We are pleased to announce, fresh from the studio, the as yet untitled first original track by Applied Dildonics. It’s so fresh, it doesn’t even have a name! Like that guy! You know, the one with no name!
Go download it before he signs with some money-grubbin’ label.
Yet more sampling history …
This fascinating, brilliant 20-minute video narrates the history of the “Amen Break,” a six-second drum sample from the b-side of a chart-topping single from 1969. This sample was used extensively in early hiphop and sample-based music, and became the basis for drum-and-bass and jungle music — a six-second clip that spawned several entire subcultures. Nate Harrison’s 2004 video is a meditation on the ownership of culture, the nature of art and creativity, and the history of a remarkable music clip.
Get the QT video here or here.
Via Boing Boing
Following the sampling theme of my previous post, check out this visual display of sampling artists vs. sampled artists.
Each square represents an album, with sampled artists on the lower half and sampling artists on the upper half. Albums are placed horizontally according to release date, while vertical placement reflects the number of samples on that album. The middle resprents the area of most sampling, so commonly sampled albums are closer to the side with the sampling albums, and vice versa.
The History of Sampling
Via Audio Mastermind
Copyright Criminals are holding a remix contest. The deadline has been extended to March 14, 2006. I imagine the majority of entries will be hip-hop oriented, but it would be interesting to hear a cut-up techy song with plenty of vocal “clicks” and “beeps” since most of the samples are from interviews.
Also, check out their documentary (still in work). This well-edited snippit discusses where we should draw the line regarding sampling and copyrights and how the ensuing legal pestering slows down the creative progression of music.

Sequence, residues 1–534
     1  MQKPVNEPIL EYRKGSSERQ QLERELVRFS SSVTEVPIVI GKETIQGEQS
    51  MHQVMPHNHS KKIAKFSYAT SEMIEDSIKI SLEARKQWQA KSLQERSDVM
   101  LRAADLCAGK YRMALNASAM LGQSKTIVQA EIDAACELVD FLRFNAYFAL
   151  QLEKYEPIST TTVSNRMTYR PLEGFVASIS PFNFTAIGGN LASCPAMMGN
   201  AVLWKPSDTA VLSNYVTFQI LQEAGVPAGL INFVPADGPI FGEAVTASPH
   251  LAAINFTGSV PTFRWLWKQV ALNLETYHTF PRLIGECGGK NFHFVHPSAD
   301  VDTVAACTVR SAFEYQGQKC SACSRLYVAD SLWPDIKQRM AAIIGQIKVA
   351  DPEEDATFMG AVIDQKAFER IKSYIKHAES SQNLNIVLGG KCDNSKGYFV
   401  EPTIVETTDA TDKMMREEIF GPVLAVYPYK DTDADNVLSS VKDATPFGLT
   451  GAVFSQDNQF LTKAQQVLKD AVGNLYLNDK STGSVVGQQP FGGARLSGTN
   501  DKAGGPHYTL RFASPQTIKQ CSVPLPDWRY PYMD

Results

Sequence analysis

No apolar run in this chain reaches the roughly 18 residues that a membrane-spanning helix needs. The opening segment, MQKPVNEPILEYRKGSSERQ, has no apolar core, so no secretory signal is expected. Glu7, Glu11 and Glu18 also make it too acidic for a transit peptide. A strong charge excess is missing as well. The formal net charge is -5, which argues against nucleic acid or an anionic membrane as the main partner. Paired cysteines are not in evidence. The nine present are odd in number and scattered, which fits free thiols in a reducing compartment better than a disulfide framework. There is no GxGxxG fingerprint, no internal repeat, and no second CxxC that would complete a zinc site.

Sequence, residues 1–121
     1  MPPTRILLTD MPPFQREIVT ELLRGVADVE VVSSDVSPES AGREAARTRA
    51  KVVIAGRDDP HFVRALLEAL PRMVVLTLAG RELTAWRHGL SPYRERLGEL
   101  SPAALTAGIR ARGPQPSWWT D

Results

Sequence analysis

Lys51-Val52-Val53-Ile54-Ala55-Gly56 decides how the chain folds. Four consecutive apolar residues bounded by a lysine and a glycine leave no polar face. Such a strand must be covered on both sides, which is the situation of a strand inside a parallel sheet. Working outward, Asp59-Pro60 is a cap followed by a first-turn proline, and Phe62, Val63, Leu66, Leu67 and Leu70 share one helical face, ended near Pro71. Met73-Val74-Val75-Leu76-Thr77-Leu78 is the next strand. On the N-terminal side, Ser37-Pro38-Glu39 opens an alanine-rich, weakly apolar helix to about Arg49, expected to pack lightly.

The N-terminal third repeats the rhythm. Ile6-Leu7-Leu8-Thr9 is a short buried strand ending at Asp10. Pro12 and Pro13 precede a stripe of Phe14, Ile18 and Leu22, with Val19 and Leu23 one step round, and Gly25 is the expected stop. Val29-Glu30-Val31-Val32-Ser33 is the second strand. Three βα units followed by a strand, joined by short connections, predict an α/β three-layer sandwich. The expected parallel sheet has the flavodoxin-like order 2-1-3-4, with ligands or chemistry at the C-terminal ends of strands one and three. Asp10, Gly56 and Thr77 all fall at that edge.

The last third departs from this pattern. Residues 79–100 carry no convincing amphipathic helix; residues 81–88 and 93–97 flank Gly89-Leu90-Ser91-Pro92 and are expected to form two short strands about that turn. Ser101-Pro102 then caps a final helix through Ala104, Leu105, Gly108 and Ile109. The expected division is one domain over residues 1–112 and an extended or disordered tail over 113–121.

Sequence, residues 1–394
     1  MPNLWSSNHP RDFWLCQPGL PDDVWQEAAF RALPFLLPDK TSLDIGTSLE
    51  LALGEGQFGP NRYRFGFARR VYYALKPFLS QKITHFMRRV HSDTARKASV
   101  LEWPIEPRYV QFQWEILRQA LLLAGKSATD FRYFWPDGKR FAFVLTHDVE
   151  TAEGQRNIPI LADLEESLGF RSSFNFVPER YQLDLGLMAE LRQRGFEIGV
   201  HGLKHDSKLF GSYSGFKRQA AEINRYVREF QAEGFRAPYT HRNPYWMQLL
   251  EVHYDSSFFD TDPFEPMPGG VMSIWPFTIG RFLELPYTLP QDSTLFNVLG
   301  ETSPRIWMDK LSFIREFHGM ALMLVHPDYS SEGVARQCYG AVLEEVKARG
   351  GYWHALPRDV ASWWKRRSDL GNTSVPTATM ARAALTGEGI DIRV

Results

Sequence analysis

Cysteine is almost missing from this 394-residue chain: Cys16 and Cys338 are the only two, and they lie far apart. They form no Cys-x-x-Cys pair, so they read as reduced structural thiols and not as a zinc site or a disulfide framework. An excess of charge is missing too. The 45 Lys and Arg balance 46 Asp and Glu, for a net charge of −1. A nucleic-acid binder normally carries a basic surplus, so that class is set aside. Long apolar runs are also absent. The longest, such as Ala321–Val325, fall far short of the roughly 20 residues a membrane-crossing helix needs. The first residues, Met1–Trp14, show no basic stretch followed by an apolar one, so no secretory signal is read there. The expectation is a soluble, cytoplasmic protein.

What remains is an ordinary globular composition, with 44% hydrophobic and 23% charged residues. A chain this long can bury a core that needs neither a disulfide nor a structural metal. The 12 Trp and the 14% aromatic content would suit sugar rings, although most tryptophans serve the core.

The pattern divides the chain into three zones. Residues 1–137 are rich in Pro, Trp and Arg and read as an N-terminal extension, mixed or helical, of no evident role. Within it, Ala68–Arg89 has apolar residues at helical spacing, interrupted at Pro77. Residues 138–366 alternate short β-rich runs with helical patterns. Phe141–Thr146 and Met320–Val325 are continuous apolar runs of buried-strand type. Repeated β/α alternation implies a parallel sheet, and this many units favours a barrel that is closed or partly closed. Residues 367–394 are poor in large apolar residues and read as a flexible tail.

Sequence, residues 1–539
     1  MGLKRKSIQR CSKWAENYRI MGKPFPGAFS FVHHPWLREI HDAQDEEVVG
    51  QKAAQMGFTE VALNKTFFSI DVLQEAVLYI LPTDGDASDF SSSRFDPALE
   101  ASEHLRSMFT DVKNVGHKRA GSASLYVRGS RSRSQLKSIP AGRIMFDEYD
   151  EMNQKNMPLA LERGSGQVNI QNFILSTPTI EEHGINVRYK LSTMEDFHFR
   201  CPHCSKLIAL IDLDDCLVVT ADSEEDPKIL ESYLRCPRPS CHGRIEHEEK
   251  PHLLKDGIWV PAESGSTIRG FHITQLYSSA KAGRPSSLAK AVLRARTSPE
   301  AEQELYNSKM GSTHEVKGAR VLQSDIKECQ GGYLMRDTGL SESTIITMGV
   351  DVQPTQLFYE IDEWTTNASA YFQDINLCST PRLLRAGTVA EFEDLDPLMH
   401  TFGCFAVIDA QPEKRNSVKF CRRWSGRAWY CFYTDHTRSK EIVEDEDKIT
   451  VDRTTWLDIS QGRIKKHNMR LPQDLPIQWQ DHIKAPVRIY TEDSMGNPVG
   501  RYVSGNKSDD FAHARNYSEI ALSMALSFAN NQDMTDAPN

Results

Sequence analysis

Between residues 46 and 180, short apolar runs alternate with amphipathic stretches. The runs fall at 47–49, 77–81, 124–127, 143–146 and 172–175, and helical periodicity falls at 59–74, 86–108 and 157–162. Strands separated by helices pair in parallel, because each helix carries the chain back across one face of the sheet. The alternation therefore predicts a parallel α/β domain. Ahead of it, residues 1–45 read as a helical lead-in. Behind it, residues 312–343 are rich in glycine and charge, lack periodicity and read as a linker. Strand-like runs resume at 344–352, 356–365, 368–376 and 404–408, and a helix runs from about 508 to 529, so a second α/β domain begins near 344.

More background info at Harmany Music.
I thought I’d share another older mix of mine and shift genres at the same time. This jungle mix is from a couple years ago and I don’t have the tracklisting, but I still enjoy the music.
Feed or mp3
Twenty years ago, two groups of young, mostly black Midwesterners– influenced in parts by disco, Philly Soul, and European synth-pop– simultaneously created the two major movements in modern dance music, house and techno. We celebrate those minimal, primitive early pangs of mechanized dance by speaking to Detroit techno pioneers Juan Atkins, Kevin Saunderson, Eddie “Flashin” Fowlkes, Blake Baxter, and Mike Grant, as well as Chicago House-DJ Tyree Cooper about the connections between the techno and house capitols.
Heiko Hoffmann has an interesting discussion with House and Techno pioneers about the early days.
I don’t claim to know much about music history, but I love reading stuff like this — tracing back the progression from one style of music to another with innovations from creative individuals. I’d love to listen to samples of mixes from back then … I just don’t know where to look.
Via Module Records blog.